Sunday, November 20, 2011

Borrowed Words

All languages borrow words from languages with which they come in contact; English is unique in the extent to which it has done so. Henry Hitchings in his book The Secret Life of Words estimates that English has borrowed words from 350 different languages. This book deals extensively with this phenomenon [1] of the English language. Wikipedia estimates that only 26% of the current 700,000 to 1 million English words come from its Germanic roots, the rest are borrowed from other languages. Words of French origin actually exceeds German, making up 29% of English vocabulary and Latin (including technical words) ties with French at 29%, with the remaining 16% coming from all the other languages [].

There are different levels to which borrowed words become assimilated into English. Some words like ensemble or bratwurst are obvious borrowings and partially retain their foreign spelling and/or pronunciation. At the other extreme are words like marmalade [2] or mayor that have become Anglicized to the extent that we can't tell from the words themselves (pronunciation or spelling) where they are borrowed from, or even that they have been borrowed. The level of assimilation depends on time and usage - the longer since it was borrowed and the more it is used, the greater its degree of "Englishness" and the more familiar it appears to us. For example, words from Greek like area and problem are  more familiar than euphoria and persona; and from French marriage has been Anglicized while montage retains its French pronunciation.

Many borrowed words result from the age of exploration in which new things were discovered from around the world and named from words taken from the local language. Chimpanzee is from the West African language Tshiluba, geyser from Icelandic, sauna from Finnish, and futon from Japanese. Closer to home, Saskatoon berries and pemmican are from Cree words, as is the name of my province Saskatchewan [3].

Similarly words may be borrowed because there is no English equivalent, even though the object or notion is well known. My favorite example of this is the German word Ohrwurm (literally "ear-worm") for that tune you just can't get out of your head. Other loanwords may already have an English word for it, but the new word is more descriptive (entrepreneur) or adds a particular shade of meaning (scarlet and vermillion from French).

The terms "borrowing" and "loanword" seem rather odd in reference to words, as the loaning languages don't have to give up their words and there is no expectations of having to pay them back (sort of like your teenager "borrowing" $20 to go to the movies). English however has returned the favor many times and loaned words to languages from which it has previously borrowed. French now has le weekend and cool, Japanese intanetto and wado purosessa [4], and German has die bluejeans and der blogger.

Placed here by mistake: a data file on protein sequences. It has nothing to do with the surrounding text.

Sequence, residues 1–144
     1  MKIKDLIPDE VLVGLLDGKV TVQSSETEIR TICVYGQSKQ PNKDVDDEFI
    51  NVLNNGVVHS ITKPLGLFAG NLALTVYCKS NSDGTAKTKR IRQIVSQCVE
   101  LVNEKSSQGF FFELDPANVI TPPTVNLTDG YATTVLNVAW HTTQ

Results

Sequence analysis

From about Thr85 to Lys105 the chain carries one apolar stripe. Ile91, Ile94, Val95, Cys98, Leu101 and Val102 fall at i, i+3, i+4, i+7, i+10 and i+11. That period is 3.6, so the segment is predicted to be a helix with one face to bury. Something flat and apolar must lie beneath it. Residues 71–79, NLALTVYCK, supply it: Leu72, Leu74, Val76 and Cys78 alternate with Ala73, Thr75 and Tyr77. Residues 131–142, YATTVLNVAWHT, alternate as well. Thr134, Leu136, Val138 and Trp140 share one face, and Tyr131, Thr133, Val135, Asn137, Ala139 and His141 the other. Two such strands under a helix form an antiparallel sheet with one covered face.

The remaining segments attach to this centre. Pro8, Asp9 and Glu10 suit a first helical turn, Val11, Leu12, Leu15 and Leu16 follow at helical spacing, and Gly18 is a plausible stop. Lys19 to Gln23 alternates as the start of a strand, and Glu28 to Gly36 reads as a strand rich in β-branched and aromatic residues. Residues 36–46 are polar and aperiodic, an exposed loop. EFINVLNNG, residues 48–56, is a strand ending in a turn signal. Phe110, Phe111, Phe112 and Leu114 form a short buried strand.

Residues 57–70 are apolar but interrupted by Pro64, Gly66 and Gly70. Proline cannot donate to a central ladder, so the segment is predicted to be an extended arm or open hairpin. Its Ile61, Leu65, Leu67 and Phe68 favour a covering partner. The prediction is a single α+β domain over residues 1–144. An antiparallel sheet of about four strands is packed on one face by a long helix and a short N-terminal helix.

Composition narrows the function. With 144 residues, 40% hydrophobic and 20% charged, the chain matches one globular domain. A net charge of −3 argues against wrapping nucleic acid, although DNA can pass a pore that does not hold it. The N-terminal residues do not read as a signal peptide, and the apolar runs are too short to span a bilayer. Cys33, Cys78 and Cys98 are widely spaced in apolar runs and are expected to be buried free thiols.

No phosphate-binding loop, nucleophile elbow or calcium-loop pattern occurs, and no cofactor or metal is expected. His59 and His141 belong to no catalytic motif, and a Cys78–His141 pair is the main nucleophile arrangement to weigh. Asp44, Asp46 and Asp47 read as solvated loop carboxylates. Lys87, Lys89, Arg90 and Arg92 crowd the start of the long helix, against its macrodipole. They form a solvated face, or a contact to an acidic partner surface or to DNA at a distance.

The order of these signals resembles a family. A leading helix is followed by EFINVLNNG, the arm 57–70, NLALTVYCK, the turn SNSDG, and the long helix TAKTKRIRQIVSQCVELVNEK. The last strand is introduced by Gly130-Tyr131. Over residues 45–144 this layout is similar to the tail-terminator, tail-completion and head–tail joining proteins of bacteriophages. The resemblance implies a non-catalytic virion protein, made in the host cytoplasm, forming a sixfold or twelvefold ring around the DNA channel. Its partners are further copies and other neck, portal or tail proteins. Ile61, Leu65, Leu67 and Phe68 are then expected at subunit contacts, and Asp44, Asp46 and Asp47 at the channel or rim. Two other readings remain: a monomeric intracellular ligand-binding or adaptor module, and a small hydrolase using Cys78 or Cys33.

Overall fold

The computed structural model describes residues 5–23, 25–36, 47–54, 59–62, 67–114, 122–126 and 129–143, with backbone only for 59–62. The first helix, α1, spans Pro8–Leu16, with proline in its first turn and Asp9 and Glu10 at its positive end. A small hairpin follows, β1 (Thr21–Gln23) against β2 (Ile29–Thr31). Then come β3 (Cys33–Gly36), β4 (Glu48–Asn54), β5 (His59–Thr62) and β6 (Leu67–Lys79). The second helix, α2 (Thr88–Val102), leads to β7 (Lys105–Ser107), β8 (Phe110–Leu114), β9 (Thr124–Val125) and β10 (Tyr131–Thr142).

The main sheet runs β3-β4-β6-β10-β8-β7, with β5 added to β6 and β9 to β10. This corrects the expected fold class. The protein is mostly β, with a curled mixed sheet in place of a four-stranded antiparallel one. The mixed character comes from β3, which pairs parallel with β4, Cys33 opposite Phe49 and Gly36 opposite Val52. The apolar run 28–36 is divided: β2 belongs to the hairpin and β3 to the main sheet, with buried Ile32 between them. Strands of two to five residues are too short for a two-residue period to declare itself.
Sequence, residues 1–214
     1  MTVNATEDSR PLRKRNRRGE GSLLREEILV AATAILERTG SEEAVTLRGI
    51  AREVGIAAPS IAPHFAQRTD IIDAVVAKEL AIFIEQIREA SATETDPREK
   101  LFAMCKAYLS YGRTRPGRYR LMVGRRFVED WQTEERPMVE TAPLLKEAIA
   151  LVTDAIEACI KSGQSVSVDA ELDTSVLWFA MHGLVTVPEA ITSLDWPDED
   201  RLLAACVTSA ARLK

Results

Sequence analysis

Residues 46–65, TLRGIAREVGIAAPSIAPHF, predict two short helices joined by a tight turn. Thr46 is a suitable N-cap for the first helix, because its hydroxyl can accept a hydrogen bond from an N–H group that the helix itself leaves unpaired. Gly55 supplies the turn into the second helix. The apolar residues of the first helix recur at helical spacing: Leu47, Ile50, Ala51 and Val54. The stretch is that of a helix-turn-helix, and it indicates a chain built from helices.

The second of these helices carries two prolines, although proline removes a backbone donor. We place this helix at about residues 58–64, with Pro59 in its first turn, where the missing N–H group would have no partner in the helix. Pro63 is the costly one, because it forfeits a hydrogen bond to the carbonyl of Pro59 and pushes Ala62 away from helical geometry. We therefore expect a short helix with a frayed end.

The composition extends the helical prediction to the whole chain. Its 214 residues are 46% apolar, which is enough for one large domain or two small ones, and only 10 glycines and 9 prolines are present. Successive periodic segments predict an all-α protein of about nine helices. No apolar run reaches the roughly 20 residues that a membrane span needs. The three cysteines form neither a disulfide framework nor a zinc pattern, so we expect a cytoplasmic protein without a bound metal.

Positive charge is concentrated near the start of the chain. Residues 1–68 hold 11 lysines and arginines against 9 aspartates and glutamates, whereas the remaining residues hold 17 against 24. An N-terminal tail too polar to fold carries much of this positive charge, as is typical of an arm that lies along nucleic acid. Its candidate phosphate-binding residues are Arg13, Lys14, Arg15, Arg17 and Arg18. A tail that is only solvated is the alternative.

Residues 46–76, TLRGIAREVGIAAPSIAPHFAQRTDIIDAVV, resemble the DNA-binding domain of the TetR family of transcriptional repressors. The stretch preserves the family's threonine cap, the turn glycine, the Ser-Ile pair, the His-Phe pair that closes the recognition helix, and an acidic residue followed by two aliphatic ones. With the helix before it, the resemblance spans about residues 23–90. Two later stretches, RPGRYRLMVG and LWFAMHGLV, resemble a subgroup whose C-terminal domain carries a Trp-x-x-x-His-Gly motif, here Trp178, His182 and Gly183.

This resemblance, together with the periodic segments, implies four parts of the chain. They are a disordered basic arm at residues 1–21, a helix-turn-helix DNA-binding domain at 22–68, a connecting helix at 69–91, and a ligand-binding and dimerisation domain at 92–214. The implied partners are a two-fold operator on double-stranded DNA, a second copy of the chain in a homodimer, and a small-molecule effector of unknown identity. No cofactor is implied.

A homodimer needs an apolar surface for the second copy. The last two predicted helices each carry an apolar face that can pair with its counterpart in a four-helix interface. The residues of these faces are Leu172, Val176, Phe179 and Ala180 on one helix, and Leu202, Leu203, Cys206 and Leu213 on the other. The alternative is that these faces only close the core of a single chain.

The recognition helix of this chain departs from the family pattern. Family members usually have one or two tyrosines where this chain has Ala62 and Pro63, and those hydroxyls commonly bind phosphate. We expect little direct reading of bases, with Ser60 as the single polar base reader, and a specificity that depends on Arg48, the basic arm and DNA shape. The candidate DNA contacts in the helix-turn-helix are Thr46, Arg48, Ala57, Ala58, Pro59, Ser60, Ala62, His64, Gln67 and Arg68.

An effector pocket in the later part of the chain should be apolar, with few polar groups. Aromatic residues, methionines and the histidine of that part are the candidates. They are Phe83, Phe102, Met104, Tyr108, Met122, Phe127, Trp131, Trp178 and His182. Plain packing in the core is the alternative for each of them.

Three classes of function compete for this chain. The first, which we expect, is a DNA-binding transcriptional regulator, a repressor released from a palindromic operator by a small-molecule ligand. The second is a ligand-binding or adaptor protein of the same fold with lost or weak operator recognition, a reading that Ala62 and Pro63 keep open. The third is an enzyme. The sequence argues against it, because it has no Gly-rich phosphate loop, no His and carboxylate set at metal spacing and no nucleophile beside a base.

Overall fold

[1] from Greek
[2] from Portuguese
[3] A story goes that some American hunters pull into a gas station and ask the attendant where they are. The attendant replies "Saskatoon, Saskatchewan". One hunter then turns to the driver and says "I told you we went too far north - the natives don't even speak English".
[4] Try saying them out loud without the final "o".

Monday, November 14, 2011

The Forces of Language Change

Modern linguistics accepts that all languages are constantly changing and considers this a normal process. But if normal, then what are the forces behind language change?

Guy Deutscher in The Unfolding of Language devotes several chapters to answering this question. First he lists and dismisses three "obvious" reasons for languages to change. 

The first is to keep up with new technology and ideas. While this accounts for many new words, especially during the last few decades, it utterly fails to account for the vast majority of seemingly random changes which have occurred over many millennia. Language change has been recorded, over the space of one or two generations, among stone age tribes whose technology hasn't changed in over 30,000 years.

The second "obvious" theory is that languages change from contact with neighboring tribes by borrowing or imitating vocabulary and grammar. As I showed in the previous post, the French speaking Normans and later Latin speaking clerics and clergy had a significant influence on the English language. But change happens even in isolated peoples. The island of Papua New Guinea has 850 indigenous languages (about 14% of the world's 6,000) precisely because the tribes live in isolated mountain valleys.